King County homes prices, sales in April slip from year ago
Buyers closed on 1,533 houses in King County last month, 6.6 percent fewer than in April 2010, the Northwest Multiple Listing Service said. Last month's median sale price, $349,950, was down 6.7 percent from April 2010's $375,000.
Seattle Times business reporter
How did King County's real-estate market perform in April?
That depends on where you look — and whom you ask.
Countywide, the number of houses sold and the median price they fetched both fell nearly 7 percent from April 2010's figures, according to statistics released Thursday by the Northwest Multiple Listing Service.
Last month's median sale price was $349,950, down from $375,000 for the same month last year.
Realtors and other market observers attributed the drop in large part to a continuing surge in sales of lower-priced, bank-owned homes and "short sales" for less than buyers owe lenders.
But the story wasn't the same in every corner of the county:
• Southwest and Southeast King County were among the areas that saw the biggest year-over-year drops in median single-family home prices, with both recording double-digit declines.
Not coincidentally, short sales and repossessed houses accounted for about half the total sales in those areas, according to a Windermere Real Estate analysis.
• On the Eastside, in contrast, where financially distressed houses accounted for just 25 percent of April sales, the median price was only 0.2 percent lower than a year ago.
• In Seattle, where distressed properties also accounted for about one-quarter of total sales, the median price drop was a hair higher than the countywide average.
But the total number of houses for sale countywide, down compared with a year ago, has fallen most steeply in the city.
And the neighborhoods with the biggest drops in supply — Queen Anne, Magnolia, Ballard, Green Lake — saw either price increases or smaller price declines in April.
All these variations prompted brokers to proclaim Seattle and the Eastside healthy markets — especially when you consider the year-over-year comparisons are with a month in 2010 when sales were juiced by buyers rushing to qualify for now-expired federal tax credits.
"Comparing ourselves to a year ago really isn't fair," said Lennox Scott, chairman and CEO of John L. Scott Real Estate. "That was a stimulus-driven market," referring to the federal tax credit that expired last summer.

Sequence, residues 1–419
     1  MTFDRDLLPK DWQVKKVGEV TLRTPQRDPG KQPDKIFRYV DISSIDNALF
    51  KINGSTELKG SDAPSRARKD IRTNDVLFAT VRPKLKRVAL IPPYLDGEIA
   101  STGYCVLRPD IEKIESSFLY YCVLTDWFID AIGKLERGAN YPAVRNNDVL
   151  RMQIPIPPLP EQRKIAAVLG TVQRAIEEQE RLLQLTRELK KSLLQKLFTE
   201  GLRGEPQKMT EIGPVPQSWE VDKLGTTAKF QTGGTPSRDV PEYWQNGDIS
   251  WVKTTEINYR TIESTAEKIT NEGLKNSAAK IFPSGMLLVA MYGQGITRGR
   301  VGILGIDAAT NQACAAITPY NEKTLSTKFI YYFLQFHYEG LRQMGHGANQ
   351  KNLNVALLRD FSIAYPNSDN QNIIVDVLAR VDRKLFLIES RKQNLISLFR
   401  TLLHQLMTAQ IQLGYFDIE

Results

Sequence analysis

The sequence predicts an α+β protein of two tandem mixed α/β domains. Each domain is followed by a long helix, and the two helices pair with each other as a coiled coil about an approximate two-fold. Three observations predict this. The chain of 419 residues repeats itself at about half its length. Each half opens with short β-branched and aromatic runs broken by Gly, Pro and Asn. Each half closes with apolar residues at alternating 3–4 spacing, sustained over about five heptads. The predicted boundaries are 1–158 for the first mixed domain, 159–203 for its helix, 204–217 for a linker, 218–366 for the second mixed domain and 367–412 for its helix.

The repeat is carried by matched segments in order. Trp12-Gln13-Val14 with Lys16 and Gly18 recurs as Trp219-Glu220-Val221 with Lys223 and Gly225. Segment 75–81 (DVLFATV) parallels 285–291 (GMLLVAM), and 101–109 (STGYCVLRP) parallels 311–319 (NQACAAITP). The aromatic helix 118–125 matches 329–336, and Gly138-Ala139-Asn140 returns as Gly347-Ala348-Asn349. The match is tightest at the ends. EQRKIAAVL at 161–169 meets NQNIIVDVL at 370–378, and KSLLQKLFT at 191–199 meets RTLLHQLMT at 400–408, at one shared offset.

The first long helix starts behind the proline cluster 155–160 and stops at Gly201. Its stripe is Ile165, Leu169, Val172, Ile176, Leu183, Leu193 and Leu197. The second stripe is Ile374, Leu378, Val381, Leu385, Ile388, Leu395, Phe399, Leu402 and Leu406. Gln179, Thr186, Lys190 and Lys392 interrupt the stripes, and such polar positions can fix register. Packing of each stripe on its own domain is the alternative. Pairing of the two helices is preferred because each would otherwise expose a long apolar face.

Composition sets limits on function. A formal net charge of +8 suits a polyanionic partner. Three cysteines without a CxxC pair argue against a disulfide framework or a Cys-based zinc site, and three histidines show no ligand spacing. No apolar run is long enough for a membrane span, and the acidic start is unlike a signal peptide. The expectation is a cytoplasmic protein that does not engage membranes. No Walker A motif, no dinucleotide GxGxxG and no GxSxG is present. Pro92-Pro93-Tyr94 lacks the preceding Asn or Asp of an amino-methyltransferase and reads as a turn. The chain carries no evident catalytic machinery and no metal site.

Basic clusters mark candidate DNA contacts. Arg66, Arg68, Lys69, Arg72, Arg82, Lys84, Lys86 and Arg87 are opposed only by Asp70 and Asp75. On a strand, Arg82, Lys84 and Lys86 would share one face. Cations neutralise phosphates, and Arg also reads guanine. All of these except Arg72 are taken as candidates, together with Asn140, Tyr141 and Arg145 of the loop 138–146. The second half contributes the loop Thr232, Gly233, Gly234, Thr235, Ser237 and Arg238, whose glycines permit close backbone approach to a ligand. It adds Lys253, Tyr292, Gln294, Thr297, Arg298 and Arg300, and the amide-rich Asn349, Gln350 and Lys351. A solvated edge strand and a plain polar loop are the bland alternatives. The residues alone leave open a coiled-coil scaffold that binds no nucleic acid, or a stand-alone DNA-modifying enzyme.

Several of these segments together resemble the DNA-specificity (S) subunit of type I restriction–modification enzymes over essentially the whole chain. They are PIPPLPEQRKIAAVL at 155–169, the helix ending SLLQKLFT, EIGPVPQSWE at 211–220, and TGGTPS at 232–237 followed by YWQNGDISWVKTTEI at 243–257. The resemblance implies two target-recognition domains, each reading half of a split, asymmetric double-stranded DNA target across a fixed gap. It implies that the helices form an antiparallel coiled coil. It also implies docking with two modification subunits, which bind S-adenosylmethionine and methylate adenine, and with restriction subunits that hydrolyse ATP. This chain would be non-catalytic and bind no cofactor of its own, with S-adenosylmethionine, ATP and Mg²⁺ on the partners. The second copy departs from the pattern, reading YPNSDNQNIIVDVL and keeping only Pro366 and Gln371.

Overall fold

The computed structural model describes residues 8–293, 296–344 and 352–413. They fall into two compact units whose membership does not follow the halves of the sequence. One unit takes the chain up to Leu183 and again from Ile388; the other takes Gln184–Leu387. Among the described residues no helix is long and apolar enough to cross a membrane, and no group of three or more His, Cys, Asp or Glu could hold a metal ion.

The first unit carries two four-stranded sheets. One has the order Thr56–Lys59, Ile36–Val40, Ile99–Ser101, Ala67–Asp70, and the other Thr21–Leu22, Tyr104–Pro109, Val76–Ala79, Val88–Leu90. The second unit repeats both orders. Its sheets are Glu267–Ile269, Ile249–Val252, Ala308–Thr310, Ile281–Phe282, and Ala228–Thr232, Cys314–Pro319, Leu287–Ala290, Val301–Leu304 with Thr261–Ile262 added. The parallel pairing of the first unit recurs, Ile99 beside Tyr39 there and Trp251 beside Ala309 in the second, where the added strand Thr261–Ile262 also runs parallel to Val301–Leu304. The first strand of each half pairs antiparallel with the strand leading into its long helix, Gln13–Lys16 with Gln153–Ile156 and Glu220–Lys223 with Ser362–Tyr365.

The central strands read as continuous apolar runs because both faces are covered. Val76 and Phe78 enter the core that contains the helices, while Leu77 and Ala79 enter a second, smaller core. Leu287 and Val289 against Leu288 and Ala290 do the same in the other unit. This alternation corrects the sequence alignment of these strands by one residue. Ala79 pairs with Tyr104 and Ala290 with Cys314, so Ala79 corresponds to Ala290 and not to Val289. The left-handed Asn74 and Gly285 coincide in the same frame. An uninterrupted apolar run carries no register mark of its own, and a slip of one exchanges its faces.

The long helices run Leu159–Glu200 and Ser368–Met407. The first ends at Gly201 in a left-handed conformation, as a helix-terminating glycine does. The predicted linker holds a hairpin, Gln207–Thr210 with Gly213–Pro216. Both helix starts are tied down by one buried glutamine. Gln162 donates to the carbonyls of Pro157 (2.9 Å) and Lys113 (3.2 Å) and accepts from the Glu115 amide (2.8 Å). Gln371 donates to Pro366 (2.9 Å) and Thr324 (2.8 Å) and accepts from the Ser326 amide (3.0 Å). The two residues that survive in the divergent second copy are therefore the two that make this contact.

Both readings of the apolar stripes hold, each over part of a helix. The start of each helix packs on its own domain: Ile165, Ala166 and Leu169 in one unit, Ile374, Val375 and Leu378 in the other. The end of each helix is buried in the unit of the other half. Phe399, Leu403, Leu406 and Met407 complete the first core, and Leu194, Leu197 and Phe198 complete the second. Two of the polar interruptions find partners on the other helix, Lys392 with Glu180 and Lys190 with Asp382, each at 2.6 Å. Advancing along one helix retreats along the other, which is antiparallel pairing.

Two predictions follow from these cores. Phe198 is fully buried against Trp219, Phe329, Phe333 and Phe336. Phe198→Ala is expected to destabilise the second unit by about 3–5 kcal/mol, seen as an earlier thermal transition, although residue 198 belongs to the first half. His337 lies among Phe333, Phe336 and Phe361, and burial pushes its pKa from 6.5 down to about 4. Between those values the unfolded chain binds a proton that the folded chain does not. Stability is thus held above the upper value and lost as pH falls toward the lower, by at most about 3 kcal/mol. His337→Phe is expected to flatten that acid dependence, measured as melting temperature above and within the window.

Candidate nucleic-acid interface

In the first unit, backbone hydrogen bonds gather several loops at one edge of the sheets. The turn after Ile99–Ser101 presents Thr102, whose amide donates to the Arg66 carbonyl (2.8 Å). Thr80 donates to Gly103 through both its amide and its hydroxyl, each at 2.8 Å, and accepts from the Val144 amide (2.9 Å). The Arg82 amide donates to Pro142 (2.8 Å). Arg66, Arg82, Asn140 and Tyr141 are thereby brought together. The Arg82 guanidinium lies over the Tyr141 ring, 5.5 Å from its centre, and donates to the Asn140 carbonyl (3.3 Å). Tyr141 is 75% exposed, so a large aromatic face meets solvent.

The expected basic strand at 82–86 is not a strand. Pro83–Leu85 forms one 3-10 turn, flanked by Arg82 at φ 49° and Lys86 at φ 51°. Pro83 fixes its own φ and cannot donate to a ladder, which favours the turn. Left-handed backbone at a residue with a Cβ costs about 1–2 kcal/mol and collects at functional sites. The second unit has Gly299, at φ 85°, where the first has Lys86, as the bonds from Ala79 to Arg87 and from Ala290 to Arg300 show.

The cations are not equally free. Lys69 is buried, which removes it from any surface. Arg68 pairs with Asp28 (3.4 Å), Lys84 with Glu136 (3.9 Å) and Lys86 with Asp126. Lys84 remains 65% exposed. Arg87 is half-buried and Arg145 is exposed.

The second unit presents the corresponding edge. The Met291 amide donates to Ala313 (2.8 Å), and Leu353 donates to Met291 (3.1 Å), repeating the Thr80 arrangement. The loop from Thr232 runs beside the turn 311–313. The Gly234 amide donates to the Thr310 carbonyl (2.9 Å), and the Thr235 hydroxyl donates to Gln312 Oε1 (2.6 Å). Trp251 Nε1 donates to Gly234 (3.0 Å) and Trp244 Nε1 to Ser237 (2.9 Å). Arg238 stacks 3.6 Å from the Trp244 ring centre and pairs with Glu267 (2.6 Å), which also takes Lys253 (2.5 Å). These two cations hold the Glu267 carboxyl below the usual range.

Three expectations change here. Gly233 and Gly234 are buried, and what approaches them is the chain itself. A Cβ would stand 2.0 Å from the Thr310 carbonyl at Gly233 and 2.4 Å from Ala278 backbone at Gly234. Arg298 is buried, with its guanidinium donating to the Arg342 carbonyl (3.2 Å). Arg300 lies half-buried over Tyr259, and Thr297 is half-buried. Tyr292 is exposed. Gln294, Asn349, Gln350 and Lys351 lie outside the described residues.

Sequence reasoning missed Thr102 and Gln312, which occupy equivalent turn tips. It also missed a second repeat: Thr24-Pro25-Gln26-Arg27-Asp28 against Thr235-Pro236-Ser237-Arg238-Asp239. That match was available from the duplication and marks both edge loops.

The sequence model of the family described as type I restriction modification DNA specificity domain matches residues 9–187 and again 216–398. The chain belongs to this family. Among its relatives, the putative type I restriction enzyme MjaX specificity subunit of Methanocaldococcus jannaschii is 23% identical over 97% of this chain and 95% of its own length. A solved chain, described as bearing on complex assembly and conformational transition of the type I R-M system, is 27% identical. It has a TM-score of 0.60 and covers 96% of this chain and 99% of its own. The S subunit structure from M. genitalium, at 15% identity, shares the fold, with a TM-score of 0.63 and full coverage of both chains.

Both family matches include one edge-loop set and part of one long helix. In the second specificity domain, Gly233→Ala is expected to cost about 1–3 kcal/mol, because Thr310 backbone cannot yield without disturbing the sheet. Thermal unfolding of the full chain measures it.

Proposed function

Shrinking inventory will help stabilize prices, he predicted.
But other observers said Scott and other brokers were straining to find good news in the listing service's numbers.
"The statistics don't really mesh with the optimism," said Glenn Crellin, director of the Washington Center for Real Estate Research at Washington State University.
April's median-price decline suggests that, despite fewer listings, "we still have an oversupply, especially in the higher price ranges," he said. "I think we've still got some challenges ahead of us."
Prices won't start increasing until short sales and foreclosures tail off, said Matthew Gardner, a Seattle land-use economist.
"Even with less choice [reduced inventory], we've still got to get through this overhang before we'll really see a change," he said.
Distressed homes accounted for 35 percent of all King County sales in April, according to Windermere, up from 21 percent in April 2010.
More are in the pipeline.
Bank-repossessed houses and short sales make up 43 percent of all active listings in Southeast and Southwest King County, Windermere said.
But they account for just 22 percent of Seattle's and 17 percent of the Eastside's listings. Those areas, closest to jobs centers, are starting to bounce back, according to Scott and Mike Skahen, owner of Lake & Co. Real Estate in North Seattle.
Homeowners — especially those who are "underwater" on their mortgages — aren't putting their houses up for sale unless they absolutely must, Skahen said. With fewer listings to choose from, some Seattle properties are attracting multiple offers, he added.
"People are starting to see the bottom," he said.
But Skahen acknowledged the bidding wars are mostly over homes priced below $500,000.
And WSU's Crellin said big drops in asking prices — reductions to compete with distressed properties — probably spurred many of those offers.
The number of sales dropped from last year despite prices that have returned to 2005 levels and record-low mortgage-interest rates.
But Crellin said a recent decline back to below 5 percent may actually have prompted some prospective buyers to hold off.
Not in rush
They were more interested in buying when rates started inching up a couple months ago, he said. Now, "they feel less urgency."
Condo sales in King County fell 20 percent in April compared with the same month last year, according to the listing service.
The median price, $224,500, was down nearly 8 percent.
But the median condo price in Seattle actually rose 1.8 percent, from $275,000 to $280,000.
In Snohomish County, single-family home sales and prices both dropped more steeply than in King County in April.
The number of closed sales was down 21 percent year-over-year, while the median price, $232,546, dropped nearly 17 percent.
"Clearly the Snohomish County market is being rocked more than most," Crellin said.
Eric Pryne: 206-464-2231 or email@example.com